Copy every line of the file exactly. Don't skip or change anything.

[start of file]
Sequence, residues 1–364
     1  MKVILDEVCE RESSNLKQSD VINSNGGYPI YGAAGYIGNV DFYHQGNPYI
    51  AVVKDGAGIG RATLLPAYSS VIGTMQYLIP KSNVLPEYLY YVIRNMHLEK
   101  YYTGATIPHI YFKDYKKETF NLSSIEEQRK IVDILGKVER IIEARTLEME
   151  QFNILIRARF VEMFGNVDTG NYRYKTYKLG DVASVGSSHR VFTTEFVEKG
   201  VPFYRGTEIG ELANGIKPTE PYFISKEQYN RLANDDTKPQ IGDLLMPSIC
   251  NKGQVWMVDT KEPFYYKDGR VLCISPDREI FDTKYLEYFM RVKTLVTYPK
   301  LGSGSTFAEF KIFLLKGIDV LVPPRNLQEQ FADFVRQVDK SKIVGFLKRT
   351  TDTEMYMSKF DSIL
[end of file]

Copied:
Sequence, residues 1–364
     1  MKVILDEVCE RESSNLKQSD VINSNGGYPI YGAAGYIGNV DFYHQGNPYI
    51  AVVKDGAGIG RATLLPAYSS VIGTMQYLIP KSNVLPEYLY YVIRNMHLEK
   101  YYTGATIPHI YFKDYKKETF NLSSIEEQRK IVDILGKVER IIEARTLEME
   151  QFNILIRARF VEMFGNVDTG NYRYKTYKLG DVASVGSSHR VFTTEFVEKG
   201  VPFYRGTEIG ELANGIKPTE PYFISKEQYN RLANDDTKPQ IGDLLMPSIC
   251  NKGQVWMVDT KEPFYYKDGR VLCISPDREI FDTKYLEYFM RVKTLVTYPK
   301  LGSGSTFAEF KIFLLKGIDV LVPPRNLQEQ FADFVRQVDK SKIVGFLKRT
   351  TDTEMYMSKF DSIL